Volume 80, Number 11 | August 12 - 18, 2010
West and East Village, Chelsea, Soho, Noho, Little Italy, Chinatown and Lower East Side, Since 1933

Renee Williams in a computer-cam photo she took of herself.

Renee Williams, 59, partner of Villager’s Gregory

By Albert Amateau

Renee Williams, who lived in the East Village for nearly 20 years and worked for the late Antonio Pagan when he was a city councilmember representing the district in the 1990s, died Tues., Aug. 3, at age 59.

Diagnosed with cancer more than 10 years ago, she continued to be a community activist in Queens where she moved to in 1999. But her health became worse about two years ago, said Colin Gregory, her life partner for the past 13 years and retail ad manager for The Villager and East Villager.

While living in the East Village, Renee Williams worked for a time at the Bottom Line music club on W. Fourth St. and became active in the St. Mark’s Block Association. In the late 1980s she joined BASTA (Before Another Shelter Tears Us Apart), which was concerned with quality-of-life issues related to the E. Third St. men’s shelter near the Bowery. She remained active in the area as the shelter transitioned from a processing center to a Project Renewal program and as the neighborhood continued to struggle with drug dealers.

A member of the Democratic Action Club, she worked on Pagan’s first election campaign in 1991. Pagan won the election and Renee Williams went on to manage his district office and serve as his coordinator of constituent services. She was instrumental in getting the New York City Housing Authority to make long-delayed repairs; she advocated for tenants with federal Section 8 vouchers and on behalf of tenants in privately owned housing. Williams also worked to solve other problems, including noise from Webster Hall, the proliferation of bars in the district and the neighborhood drug trade. After Pagan’s second term ended, she became promotions manager for Isadora’s Dance Legacy, a dance troupe based at St. Mark’s Church.

In 1999 she moved to Sunnyside, Queens, where she worked with the Sunnyside Gardens Preservation Alliance in the successful effort to establish the Sunnyside Gardens Historic District.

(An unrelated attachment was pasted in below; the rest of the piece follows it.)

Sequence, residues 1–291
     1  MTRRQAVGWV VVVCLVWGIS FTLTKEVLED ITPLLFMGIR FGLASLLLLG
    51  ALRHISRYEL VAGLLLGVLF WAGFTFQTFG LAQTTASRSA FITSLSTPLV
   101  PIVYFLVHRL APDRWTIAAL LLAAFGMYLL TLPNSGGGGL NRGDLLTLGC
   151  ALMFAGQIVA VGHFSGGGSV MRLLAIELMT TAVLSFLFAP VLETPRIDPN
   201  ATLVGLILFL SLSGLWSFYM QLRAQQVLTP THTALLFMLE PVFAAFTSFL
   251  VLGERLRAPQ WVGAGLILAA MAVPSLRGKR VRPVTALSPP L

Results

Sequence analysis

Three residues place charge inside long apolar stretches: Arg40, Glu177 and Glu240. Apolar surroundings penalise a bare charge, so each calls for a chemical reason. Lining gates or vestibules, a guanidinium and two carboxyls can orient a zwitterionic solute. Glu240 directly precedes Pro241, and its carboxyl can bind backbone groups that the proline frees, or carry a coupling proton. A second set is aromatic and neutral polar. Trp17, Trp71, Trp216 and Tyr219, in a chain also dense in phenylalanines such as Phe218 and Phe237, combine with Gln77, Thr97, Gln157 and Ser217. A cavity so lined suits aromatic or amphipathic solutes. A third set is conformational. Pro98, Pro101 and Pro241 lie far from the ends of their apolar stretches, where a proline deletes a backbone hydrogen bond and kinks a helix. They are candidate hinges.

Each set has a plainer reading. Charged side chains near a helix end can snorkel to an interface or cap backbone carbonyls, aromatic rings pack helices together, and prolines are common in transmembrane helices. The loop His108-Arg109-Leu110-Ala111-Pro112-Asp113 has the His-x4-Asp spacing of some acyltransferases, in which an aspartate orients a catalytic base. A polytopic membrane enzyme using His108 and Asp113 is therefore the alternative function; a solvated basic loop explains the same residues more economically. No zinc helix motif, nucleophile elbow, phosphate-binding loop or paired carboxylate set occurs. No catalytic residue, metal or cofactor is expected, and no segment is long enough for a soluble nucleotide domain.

“What was most remarkable to all of us was her unwavering good spirits and the strength she summoned for all these efforts despite her ill health,” said Herb Reynolds, president of the alliance.

Starting shortly after 9/11, for two years she was program director at Manhattan Youth, the Tribeca-based youth program, working with its director, Bob Townley, whom she had met in the East Village when they both lived there.

She was born Oct. 28, 1950, in Brooklyn, the youngest of four daughters, to Audrey Parsons Williams and Lorenzo C. Williams. She attended Our Lady of Victory elementary school in her Brooklyn neighborhood and went to Erasmus Hall High School in Flatbush. She went on to Staten Island Community College, majoring first in biology but switching to political science.

Williams’s and Gregory’s first connection was an ad she placed with him for Isadora’s Dance Legacy.

“I met Renee on Kentucky Derby Day 13 years ago and we celebrated our anniversary by betting on long shots,” said Gregory. “We enjoyed walking in Sunnyside viewing the gardens, and once a year Renee had to go to the Bronx Zoo to see her giraffes no matter how sick she was,” he said. “She was also very proud of my children, Amadaline and Kyrie. Her sister Jackie Horne, her friend Marion Osmun, her health attendant Betty and I were all privileged to care for her during her last illness,” Gregory added.

A memorial service for Renee Laurel Williams will be held from 5 p.m. to 7:30 p.m. Fri., Aug. 13, at St. Mark’s Church-in-the-Bowery parish hall on E. 10th St. at Second Ave. Donations may be made in her memory to Cancer Care, 275 Seventh Ave., New York, N.Y. 10001. Condolences may be sent to Colin Gregory, 51-02 39th Ave., Woodside, N.Y. 11377, or to Jackie Horne and the family of Renee Williams, 91 Midwood St., Brooklyn, N.Y. 11225.

Gregory, her sisters — Jackie; Jean Smith of Bedford, Mass.; and Yvonne Cohen of Orange, N.J. — survive, in addition to a large extended family of cousins, nieces, nephews, grandnephews and grandnieces and a 96-year-old aunt.

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